When Muhammad Ali Jinnah as the Governor General made the historic declamation of assigning Urdu the status of state language in 1948, nobody knew how honouring this commitment by the founder of Pakistan will become a challenge for the prospective constitutions and successive governments. In spite of various movements in favour of a unified linguistic identity, continual experimentations in educational institutes by authorities with regard to the implementation of Urdu as the official language and as a medium of instruction, and the Supreme Court ruling of September 8, 2015 which reiterates the Article 251 of 1973 constitution, Pakistan’s linguistic situation, instead of becoming clear, has become even more cloudy and ambiguous.
With this backdrop, the Department of English Language and Literature, The University of Management and Technology Lahore found it opportune to invite scholars from different fields and open a discussion on how the decision of adopting Urdu as an official language can be viewed on the one hand as a source of controversy and an improbable practice and on the other as a means to promote national language and facilitate its immersion in the social and educational fabric of Pakistan. The seminar entitled “Urdu as the Official Language in Pakistan: Challenges, Implications and Prospects” held on November 14 aimed to create a platform for eminent linguists, intellectuals and policy makers to come together and discuss the various aspects and implications of language pedagogy, policy and planning.
This has become all the more important after the Chief Justice of Pakistan Jawwad S. Khawaja’s historic judgement of September 8, ordering that within a period of three months Urdu will be made the official language of Pakistan. This ruling by the Supreme Court has generated a new debate as to how and with what implications Urdu can be adopted as an official language. With this decision there hangs in the air many unaccounted for and controversial aspects of language use and acquisition in the context of Pakistan’s official medium of instruction and communication especially in the education sector, which Dr Tariq Rahman sarcastically calls the white elephant in the room about which no official documents makes any mention of.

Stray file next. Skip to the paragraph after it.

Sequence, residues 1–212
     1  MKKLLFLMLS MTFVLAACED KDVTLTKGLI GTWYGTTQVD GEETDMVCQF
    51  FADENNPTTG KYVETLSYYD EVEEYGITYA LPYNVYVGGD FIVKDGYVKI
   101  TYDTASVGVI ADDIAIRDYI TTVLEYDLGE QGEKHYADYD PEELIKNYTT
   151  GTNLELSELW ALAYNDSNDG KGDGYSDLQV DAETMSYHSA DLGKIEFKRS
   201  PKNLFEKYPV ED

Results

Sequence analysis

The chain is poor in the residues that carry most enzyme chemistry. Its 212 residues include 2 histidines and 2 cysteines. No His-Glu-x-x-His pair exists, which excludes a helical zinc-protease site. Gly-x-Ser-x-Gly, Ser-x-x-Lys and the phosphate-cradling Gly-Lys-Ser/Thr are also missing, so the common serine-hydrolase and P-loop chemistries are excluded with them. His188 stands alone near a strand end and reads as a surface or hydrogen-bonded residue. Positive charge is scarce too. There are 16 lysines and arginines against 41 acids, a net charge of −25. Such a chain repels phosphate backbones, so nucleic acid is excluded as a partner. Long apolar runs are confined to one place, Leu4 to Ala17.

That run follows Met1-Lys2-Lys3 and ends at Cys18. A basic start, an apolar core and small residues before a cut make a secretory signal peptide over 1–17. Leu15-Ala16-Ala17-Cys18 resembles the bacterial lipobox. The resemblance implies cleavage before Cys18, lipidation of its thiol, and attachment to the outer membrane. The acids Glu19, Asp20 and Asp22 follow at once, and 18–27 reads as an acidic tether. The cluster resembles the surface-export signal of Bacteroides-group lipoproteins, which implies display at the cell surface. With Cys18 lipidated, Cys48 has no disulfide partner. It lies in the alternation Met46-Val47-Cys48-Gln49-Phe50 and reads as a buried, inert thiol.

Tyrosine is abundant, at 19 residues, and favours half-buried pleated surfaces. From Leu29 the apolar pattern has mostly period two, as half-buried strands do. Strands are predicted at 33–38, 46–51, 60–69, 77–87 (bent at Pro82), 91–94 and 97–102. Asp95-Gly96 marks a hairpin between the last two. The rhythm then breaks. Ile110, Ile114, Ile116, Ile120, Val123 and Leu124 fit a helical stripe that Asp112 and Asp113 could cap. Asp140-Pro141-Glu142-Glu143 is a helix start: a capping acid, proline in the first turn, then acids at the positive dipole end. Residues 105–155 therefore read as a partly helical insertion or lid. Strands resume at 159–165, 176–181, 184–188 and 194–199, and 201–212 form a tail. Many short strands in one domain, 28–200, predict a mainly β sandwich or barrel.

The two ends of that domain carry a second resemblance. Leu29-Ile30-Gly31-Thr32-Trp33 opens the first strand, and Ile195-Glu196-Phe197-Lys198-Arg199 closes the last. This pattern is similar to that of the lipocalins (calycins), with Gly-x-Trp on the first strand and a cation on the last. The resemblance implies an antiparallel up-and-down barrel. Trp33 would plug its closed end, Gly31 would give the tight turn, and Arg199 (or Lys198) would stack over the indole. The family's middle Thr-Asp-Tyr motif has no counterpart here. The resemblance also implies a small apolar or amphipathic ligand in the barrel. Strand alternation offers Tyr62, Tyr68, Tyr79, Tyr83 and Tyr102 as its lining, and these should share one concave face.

The seminar allowed the speakers and participants to acquaint themselves with and assess the prevailing views about the topic and propose viable solutions that carry weight in the formation of language policies in Pakistan. The seminar was attended by the Rector, UMT, Dr Hasan Sohaib Murad, former Vice Chancellor, Lahore College for Women, Lahore, Dr Sabiha Mansoor, Director External Linkages, University of the Punjab, Dr Maria Maldonado, Dean of Social Sciences and Humanities UMT, Prof Dr Abdul Hameed, Prof Munawar Ali Malik and various heads of departments, faculty members, researcher and students from various universities and educational institutes.
The speakers underscored the repercussions of the Supreme Court ruling while wondering how an order which failed to produce results in more than 40 years would be executed in three months. A great deal of emphasis was put on the impractical nature of the procedural part of the directive. Strewn with various ambiguities, the ruling is phrased in such a manner as to leave room for several interpretations. For instance, the reference to ‘unnecessary delays’ in the carrying out of the order, the specification of impractical timeline, the implications of possible violation of the order, the parallel existence of Urdu and English versions of official and legal documents, and the delivery of speeches by the government officials and dignitaries in Urdu, despite good nationalistic intentions, not only require further elaboration and explanation but in some cases fail to make any sense to a rational mind.
Alluding to previous attempts of Pakistani authorities in the promotion of Urdu, Prof Malik appreciated the National Language Promotion Department which strove to facilitate the adoption of Urdu as the official language by taking various measures, including the preparation of dictionaries and helping material for the training of in-service personnel. The fact, however, is that all these efforts which if logistically analysed gives off a sense of half-hearted and unorganised engagement with the problem of determining the status of Urdu in Pakistan. Consequently, the task of proper switch-over to Urdu still remains unfulfilled resulting in the creation of an intricate linguistic demography.